In July 2013, 3.0 was shown for the first time with official English subtitles at AVCon. Before the delay, Madman organized screenings of 3.0 as part of its Reel Anime film festival in select cinemas across Australia from September to October 2013.[13] In the US, the film was screened as part of the Jpop Summit Festival 2013 in San Francisco on July 27, July 29 and August 4, 2013. It was also screened at Otakon 2013 in Baltimore, Maryland and at Anime Weekend Atlanta on September 28. The premiere of the English dub was screened at New York Comic Con on October 11, 2013, which was previously announced as a subbed screening.[14]

Home media[edit]

After an announcement by Funimation at the New York Comic Con on October 10, 2015, the DVD/Blu-ray of 3.33 was released in North America on February 2, 2016.[15] The film grossed $4.6 million in Blu-ray and DVD sales in the United States.[16]

In 2021, Amazon Studios acquired the streaming rights to all of the Rebuild of Evangelion films. The 3.33 version of the film became available on the streaming service on August 13, 2021.[17][18] It featured full re-dubbings of all Rebuild films, including several voice actors from the A.D. Vision and Manga Entertainment localizations of the original series and films, in place of the mostly new cast used in the Funimation adaptations of the Rebuild series and Netflix's adaptation of the series. Like Netflix's release, it also included a full re-translation by Khara's in-house translator, Dan Kanemitsu.[19]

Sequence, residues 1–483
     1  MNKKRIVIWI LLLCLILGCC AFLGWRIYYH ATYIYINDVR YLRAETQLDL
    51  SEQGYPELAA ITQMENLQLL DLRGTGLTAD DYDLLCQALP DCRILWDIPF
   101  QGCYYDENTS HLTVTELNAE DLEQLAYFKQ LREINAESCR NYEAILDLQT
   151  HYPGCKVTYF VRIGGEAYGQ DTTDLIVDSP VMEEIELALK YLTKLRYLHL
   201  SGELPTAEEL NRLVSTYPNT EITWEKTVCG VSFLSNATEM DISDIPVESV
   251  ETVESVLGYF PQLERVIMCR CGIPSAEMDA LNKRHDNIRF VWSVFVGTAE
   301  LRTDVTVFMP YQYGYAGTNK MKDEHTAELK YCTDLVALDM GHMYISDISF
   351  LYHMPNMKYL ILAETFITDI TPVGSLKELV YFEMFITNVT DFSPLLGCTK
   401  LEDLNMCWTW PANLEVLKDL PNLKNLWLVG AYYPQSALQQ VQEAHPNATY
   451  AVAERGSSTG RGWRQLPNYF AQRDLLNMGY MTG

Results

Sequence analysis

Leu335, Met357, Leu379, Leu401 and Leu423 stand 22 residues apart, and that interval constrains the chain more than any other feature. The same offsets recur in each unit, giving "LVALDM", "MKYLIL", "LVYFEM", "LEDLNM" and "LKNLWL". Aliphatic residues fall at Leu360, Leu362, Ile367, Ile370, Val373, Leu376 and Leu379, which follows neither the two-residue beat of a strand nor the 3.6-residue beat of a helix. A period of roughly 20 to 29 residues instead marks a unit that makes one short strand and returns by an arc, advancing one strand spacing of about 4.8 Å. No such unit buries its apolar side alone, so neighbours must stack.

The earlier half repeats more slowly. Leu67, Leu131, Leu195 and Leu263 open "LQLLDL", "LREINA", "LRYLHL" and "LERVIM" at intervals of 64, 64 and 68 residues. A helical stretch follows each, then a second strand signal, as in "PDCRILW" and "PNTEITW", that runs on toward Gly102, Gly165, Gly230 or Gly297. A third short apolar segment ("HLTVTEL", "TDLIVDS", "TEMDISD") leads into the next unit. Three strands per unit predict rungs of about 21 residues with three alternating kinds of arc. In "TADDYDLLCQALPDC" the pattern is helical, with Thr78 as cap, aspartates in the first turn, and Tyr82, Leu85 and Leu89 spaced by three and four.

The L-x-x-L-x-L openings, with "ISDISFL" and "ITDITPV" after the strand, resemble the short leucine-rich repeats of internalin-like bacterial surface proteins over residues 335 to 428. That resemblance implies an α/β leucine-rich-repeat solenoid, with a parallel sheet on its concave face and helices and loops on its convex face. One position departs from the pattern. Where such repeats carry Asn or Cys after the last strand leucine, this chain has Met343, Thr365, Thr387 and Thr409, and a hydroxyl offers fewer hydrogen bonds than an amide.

On December 23, 2020, the film was announced for a limited run in Japanese theaters beginning January 8, 2021 under the title Evangelion: 3.333 You Can (Not) Redo.[20] This version of the film was remastered in 4K and contains a variety of updated visuals meant to better align it with its sequel Evangelion: 3.0+1.0 Thrice Upon a Time. On June 12, 2021, the sequel received a re-release called 3.0+1.01, that included a prequel manga to the events of 3.0 called Evangelion 3.0 (-120 min.), written by co-director Kazuya Tsurumaki at Hideaki Anno's initiative.[21][22] For its dual standard and UHD Blu-ray release on August 25, 2021, 3.333 received a making-of documentary supervised by Anno, entitled Evangelion:3.333 Breakdown.[23][24] On the home media release of 3.0+1.0, another prequel, a original video animation called Evangelion: 3.0 (-46h) was released, dealing with other events preceding the manga itself, while the manga was also re-released in video format in full color and voiced by the original cast. The updated version for home media was titled Evangelion: 3.0+1.11 Thrice Upon a Time.[25]